The U.S. Department of Agriculture defines cooperatives as “user-owned and controlled business from which benefits are derived and distributed equitably on the basis of use.” This definition implies that cooperatives are owned by users who are customers. These users are also members, in general, and because they derive the benefits of membership, they are also called patrons because the economic benefits derived from the business done by them as a customer of the cooperative—referred to as patronage—are distributed proportionately based on that patronage. This gets complicated! Being a customer implies that you are also a patron (participate in economic benefits), owner (participate with equity investment), and member (participate in setting policies and governance). The overall purpose of a cooperative, which is often embedded in its mission statement, is to meet the needs of the customer using the cooperative. Patronage, ownership, and control are means to the end. The International Cooperative Alliance (ICA) defines cooperatives as, “an autonomous association of persons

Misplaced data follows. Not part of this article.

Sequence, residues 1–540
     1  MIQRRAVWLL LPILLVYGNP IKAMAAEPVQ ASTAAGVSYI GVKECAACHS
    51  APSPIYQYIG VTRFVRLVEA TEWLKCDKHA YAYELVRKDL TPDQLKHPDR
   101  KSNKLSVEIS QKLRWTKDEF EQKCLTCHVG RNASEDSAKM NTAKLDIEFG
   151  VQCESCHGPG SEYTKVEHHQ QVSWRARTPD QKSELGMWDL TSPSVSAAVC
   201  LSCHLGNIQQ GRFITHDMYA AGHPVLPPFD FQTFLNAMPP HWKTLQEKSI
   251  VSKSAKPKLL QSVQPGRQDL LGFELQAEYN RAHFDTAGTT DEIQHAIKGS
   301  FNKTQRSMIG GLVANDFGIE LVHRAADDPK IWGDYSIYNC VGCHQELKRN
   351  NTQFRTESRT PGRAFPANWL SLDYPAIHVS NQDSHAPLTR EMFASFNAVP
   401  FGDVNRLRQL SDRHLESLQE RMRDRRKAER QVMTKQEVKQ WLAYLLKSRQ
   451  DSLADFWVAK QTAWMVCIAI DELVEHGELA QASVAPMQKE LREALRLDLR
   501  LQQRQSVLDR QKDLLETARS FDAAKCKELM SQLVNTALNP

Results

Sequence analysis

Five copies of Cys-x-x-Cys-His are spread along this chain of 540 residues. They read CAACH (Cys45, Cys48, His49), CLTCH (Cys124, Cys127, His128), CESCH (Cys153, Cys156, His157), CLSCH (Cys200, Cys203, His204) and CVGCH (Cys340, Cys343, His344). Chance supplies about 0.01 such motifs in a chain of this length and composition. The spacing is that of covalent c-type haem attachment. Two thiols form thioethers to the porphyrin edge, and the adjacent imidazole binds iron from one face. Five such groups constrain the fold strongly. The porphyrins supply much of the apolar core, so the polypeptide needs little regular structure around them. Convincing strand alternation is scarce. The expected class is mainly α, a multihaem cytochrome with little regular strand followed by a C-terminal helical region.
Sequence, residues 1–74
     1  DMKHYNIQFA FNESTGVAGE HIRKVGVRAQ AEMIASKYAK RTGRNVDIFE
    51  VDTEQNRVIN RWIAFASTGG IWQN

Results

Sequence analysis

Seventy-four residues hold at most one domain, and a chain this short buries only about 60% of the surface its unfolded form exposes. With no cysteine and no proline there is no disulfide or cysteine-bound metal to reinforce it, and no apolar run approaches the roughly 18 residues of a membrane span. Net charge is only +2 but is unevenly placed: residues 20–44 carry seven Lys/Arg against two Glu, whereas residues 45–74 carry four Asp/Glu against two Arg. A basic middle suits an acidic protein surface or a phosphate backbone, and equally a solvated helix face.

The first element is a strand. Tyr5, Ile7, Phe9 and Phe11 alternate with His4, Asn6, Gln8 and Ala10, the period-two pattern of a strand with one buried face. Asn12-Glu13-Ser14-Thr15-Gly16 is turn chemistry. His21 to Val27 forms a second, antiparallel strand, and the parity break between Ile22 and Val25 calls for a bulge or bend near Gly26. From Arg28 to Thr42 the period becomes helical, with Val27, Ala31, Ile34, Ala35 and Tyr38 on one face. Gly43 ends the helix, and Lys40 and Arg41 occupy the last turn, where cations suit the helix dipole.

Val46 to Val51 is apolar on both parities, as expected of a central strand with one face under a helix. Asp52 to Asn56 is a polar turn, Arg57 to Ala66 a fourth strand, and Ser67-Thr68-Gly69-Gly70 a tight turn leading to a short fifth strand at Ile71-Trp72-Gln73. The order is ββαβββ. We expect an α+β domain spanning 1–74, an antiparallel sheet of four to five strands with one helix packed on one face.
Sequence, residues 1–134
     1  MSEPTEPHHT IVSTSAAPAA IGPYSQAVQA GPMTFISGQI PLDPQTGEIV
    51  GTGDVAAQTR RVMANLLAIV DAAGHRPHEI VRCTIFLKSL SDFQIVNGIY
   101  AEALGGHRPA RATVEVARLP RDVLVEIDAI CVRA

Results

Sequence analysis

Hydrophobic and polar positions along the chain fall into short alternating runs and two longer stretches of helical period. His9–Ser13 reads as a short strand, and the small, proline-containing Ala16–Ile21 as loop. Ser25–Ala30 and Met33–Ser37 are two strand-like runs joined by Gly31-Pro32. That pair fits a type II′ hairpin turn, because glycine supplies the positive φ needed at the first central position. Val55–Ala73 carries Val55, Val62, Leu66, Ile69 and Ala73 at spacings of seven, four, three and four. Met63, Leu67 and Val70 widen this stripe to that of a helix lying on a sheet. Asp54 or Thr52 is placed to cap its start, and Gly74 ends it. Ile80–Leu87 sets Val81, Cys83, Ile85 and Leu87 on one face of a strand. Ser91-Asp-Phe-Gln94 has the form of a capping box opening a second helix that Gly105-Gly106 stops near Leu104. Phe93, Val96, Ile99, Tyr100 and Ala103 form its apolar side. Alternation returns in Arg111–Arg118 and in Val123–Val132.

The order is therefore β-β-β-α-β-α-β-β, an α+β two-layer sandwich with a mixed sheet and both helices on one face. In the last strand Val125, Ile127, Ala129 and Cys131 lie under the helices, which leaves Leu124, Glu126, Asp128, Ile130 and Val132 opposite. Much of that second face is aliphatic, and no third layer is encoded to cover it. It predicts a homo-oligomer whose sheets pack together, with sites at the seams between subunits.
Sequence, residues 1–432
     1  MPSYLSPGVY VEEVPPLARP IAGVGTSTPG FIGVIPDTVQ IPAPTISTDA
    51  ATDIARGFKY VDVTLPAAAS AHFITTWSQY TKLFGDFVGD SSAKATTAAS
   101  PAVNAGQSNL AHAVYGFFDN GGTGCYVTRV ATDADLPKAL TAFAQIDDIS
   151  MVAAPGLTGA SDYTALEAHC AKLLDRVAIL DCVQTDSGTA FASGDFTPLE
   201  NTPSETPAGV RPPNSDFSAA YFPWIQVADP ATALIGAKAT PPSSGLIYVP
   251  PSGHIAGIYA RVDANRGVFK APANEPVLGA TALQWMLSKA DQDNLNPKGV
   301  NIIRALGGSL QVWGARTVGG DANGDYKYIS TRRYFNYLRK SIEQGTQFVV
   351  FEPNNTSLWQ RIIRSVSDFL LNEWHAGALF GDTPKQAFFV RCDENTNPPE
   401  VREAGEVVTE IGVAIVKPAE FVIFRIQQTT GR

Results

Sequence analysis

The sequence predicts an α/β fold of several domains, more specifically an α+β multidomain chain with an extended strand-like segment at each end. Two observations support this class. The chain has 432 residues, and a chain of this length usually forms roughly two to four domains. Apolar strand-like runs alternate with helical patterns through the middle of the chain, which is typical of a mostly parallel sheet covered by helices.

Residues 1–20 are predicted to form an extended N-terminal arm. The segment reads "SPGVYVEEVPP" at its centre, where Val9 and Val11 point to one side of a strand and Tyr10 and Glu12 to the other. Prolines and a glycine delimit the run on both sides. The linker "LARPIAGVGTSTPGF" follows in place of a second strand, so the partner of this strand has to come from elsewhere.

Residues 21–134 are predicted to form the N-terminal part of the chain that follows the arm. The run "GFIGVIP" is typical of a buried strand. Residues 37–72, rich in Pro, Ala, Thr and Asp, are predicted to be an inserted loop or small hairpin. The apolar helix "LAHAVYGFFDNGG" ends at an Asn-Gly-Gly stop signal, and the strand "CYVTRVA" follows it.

united voluntarily to meet their common economic, social, and cultural needs and aspirations through a jointly owned and democratically controlled enterprise.” This definition is wider than the U.S. Department of Agriculture definition in that it encapsulates social and cultural purposes for cooperatives. Another way to think about the relationships implied in this definition is to consider how members participate in the cooperative. Cooperatives and mutuals are participatory organizations.